Chapter 3-7: Dishonesty in Women
Aim: In this 30-minute lesson, you will go over the part 3-7 of the book. Go over comprehension questions after each paragraph, and practice using new expressions.
After saying hello, read the following part of the book out loud with the tutor.
I began to like New York, the racy, adventurous feel of it at night and the satisfaction that the constant flicker of men and women and machines gives to the restless eye. I liked to walk up Fifth Avenue and pick out romantic women from the crowd and imagine that in a few minutes I was going to enter into their lives, and no one would ever know or disapprove. Sometimes, in my mind, I followed them to their apartments on the corners of hidden streets, and they turned and smiled back at me before they faded through a door into warm darkness. At the enchanted metropolitan twilight I felt a haunting loneliness sometimes, and felt it in others–poor young clerks who loitered in front of windows waiting until it was time for a solitary restaurant dinner–young clerks in the dusk, wasting the most poignant moments of night and life.
Again at eight o’clock, when the dark lanes of the Forties were five deep with throbbing taxi cabs, bound for the theatre district, I felt a sinking in my heart. Forms leaned together in the taxis as they waited, and voices sang, and there was laughter from unheard jokes, and lighted cigarettes outlined unintelligible gestures inside. Imagining that I, too, was hurrying toward gayety and sharing their intimate excitement, I wished them well.
How does Nick describe New York City? Describe New York that you know of.
For a while I lost sight of Jordan Baker, and then in midsummer I found her again. At first I was flattered to go places with her because she was a golf champion and every one knew her name. Then it was something more. I wasn’t actually in love, but I felt a sort of tender curiosity. The bored haughty face that she turned to the world concealed something–most affectations conceal something eventually, even though they don’t in the beginning–and one day I found what it was. When we were on a house-party together up in Warwick, she left a borrowed car out in the rain with the top down, and then lied about it–and suddenly I remembered the story about her that had eluded me that night at Daisy’s. At her first big golf tournament there was a row that nearly reached the newspapers–a suggestion that she had moved her ball from a bad lie in the semi-final round. The thing approached the proportions of a scandal–then died away. A caddy retracted his statement and the only other witness admitted that he might have been mistaken. The incident and the name had remained together in my mind.
Jordan Baker instinctively avoided clever shrewd men and now I saw that this was because she felt safer on a plane where any divergence from a code would be thought impossible. She was incurably dishonest. She wasn’t able to endure being at a disadvantage, and given this unwillingness I suppose she had begun dealing in subterfuges when she was very young in order to keep that cool, insolent smile turned to the world and yet satisfy the demands of her hard jaunty body.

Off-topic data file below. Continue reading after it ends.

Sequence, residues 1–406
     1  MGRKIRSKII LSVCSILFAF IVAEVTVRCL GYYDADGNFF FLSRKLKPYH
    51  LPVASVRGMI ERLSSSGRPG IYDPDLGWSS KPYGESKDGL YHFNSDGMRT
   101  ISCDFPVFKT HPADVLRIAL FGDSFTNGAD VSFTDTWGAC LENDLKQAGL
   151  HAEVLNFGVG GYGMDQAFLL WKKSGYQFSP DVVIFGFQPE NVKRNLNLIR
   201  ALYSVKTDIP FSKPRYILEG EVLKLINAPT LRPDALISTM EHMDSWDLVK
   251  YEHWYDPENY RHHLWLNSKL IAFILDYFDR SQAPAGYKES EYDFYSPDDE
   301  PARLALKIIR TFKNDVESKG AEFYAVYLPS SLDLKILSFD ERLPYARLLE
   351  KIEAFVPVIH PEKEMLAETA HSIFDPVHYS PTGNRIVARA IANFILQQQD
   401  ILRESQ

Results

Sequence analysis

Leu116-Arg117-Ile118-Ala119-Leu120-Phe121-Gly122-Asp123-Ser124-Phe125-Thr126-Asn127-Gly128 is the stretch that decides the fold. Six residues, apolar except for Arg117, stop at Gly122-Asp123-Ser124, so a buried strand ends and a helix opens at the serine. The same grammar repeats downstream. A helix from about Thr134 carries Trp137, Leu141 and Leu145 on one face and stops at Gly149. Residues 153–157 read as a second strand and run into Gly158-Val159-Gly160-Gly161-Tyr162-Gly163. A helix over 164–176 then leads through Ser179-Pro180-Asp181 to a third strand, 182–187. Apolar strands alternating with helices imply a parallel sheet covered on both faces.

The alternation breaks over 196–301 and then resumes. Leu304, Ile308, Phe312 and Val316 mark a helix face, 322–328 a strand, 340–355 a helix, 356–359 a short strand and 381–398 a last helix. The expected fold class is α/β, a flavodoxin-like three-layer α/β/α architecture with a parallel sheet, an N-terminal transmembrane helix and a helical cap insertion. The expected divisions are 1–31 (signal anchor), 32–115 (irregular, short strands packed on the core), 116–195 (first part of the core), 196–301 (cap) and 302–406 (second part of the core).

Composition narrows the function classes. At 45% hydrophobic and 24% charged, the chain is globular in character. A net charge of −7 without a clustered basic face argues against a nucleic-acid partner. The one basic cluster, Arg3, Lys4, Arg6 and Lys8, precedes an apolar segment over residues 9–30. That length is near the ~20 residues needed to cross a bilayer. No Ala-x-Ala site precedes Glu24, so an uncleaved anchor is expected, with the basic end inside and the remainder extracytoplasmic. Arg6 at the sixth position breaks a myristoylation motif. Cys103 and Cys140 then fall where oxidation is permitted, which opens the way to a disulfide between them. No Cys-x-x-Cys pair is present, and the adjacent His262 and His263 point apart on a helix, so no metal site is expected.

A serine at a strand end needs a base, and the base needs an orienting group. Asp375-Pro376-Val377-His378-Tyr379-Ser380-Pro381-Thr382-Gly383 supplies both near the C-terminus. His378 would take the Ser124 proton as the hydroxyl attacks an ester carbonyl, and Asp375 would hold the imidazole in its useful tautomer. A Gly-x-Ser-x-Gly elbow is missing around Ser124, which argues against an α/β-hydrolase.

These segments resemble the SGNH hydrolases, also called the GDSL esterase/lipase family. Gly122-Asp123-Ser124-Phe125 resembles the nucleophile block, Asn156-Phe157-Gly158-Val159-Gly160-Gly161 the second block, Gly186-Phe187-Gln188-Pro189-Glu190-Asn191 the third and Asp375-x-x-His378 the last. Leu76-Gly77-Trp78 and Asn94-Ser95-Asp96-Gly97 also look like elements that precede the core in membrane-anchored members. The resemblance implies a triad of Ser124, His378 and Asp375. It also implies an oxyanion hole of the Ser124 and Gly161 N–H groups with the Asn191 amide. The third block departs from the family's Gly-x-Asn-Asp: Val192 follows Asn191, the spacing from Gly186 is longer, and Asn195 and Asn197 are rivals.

What does Jordan’s actions say about her personality? Why did she ‘avoid clever shrewd men’?
It made no difference to me. Dishonesty in a woman is a thing you never blame deeply–I was casually sorry, and then I forgot. It was on that same house party that we had a curious conversation about driving a car. It started because she passed so close to some workmen that our fender flicked a button on one man’s coat.
Do you agree with Nick about ‘dishonesty in a woman’?
“You’re a rotten driver,” I protested. “Either you ought to be more careful or you oughtn’t to drive at all.”
“I am careful.”
“No, you’re not.”
“Well, other people are,” she said lightly.
“What’s that got to do with it?”
“They’ll keep out of my way,” she insisted. “It takes two to make an accident.”
“Suppose you met somebody just as careless as yourself.”
“I hope I never will,” she answered. “I hate careless people. That’s why I like you.”
Her grey, sun-strained eyes stared straight ahead, but she had deliberately shifted our relations, and for a moment I thought I loved her. But I am slow-thinking and full of interior rules that act as brakes on my desires, and I knew that first I had to get myself definitely out of that tangle back home. I’d been writing letters once a week and signing them: “Love, Nick,” and all I could think of was how, when that certain girl played tennis, a faint mustache of perspiration appeared on her upper lip. Nevertheless there was a vague understanding that had to be tactfully broken off before I was free.
Every one suspects himself of at least one of the cardinal virtues, and this is mine: I am one of the few honest people that I have ever known.
Why does Nick say that ‘[he is] one of the few honest people that [he has] ever known’? Do you think Nick is an honest man?
- Describe Jordan in your own words. What kind of person and woman is she? Do you like Jordan?
- What does Jordan’s driving say about her character?
- Are there any stereotypes against women in your country? Share your thoughts with your Cambly tutor!
Do you understand the following words and expressions? Practice using the new words or expressions with the Cambly tutor.